Our lives hang from the threads of subatomic particles.  Decisions made by invisible forces, too large or too small to be seen, dictate blizzards, futures, life forms.  In Just Six Numbers: The Deep Forces That Shape the Universe, Martin Rees points out that, were Einstein's cosmological constant to vary by an infinitely small amount, we would not exist.  John Wheeler, the great Princeton humanist astronomer, has long maintained that a contracting universe is proof of cosmic structure, inferring a sort of destiny that shapes our ends, the shadowy force in the margins of the Talmud which in fact control the text - but just barely, marginally.  Tom Stoppard's play, Jumpers, tries to silhouette the jump of reason which posits a god, if the definition of god is a sort of author's message, a sense of proportion, wherein we are not lost in, but found by, time and space.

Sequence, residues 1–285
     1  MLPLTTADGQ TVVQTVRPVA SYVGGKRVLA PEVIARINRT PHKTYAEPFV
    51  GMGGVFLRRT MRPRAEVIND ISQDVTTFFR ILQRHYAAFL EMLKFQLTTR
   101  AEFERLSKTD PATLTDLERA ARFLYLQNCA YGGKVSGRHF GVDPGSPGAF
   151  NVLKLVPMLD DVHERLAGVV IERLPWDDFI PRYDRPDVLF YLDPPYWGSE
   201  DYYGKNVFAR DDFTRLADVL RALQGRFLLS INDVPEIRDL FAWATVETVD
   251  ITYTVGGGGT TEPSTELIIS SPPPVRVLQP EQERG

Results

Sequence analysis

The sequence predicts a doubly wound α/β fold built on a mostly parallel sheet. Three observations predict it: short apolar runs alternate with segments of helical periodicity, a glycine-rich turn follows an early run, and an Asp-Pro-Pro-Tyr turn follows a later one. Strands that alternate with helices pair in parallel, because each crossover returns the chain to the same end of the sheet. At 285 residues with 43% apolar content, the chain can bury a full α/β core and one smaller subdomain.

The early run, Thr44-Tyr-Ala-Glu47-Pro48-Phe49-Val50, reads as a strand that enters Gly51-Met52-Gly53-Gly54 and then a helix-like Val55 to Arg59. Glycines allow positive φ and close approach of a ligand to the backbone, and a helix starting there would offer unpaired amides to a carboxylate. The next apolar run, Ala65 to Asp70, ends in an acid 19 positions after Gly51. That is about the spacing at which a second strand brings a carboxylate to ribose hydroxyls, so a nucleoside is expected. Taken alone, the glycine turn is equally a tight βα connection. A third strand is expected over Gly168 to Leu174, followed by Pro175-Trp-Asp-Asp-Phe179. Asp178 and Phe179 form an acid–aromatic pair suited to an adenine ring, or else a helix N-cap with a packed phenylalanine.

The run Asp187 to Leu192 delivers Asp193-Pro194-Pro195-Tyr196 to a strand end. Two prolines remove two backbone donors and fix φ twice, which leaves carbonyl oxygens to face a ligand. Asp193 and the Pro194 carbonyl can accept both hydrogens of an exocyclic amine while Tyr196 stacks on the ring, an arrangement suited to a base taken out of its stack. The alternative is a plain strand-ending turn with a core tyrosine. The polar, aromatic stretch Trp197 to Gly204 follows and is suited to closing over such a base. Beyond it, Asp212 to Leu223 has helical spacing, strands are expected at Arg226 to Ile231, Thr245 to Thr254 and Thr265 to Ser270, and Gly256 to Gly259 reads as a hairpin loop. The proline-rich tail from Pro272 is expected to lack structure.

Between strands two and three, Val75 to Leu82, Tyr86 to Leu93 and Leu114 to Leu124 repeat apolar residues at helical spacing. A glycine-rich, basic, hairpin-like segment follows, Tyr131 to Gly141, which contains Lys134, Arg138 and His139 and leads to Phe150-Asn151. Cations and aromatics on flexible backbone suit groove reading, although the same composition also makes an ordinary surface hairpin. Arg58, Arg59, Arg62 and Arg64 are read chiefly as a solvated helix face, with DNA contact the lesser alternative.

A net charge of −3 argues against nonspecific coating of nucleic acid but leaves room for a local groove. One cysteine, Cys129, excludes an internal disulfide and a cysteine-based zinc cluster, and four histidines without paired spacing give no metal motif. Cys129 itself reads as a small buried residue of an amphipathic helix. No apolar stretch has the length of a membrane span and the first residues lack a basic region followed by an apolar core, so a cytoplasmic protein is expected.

The world unwinds from a blizzard the way Buckminster Fuller theorized that fire was sun unwinding from a tree.  When we see our breath, the invisible underpinnings of survival become visible.  Snow is a mystery made flesh, a deep structure visualized, the way electricity outlines unseen monsters in the film, Forbidden Planet (digressively, a concept leading to the Predator series).

Nature is constantly morphing its position, state, or form.  Even rocks have metastases, where limestone recrystallizes.  My poem, "Sublimation," deals with the similar phenomenon whereby vapor experiences a paramorphic change into snow, temperature being the catalyst.  There is a Jules Verne novel where an entire ocean, poised on the brink of freezing, turns to ice through the catalyst of a dropped rock.

Snow here is a ripped pillow where the threads which keep the universe secret have frayed, due to just the suspension of liquids, a parallelism for the suspension of disbelief of the world must produce in anyone who looks closely enough. 


December 17th, 2004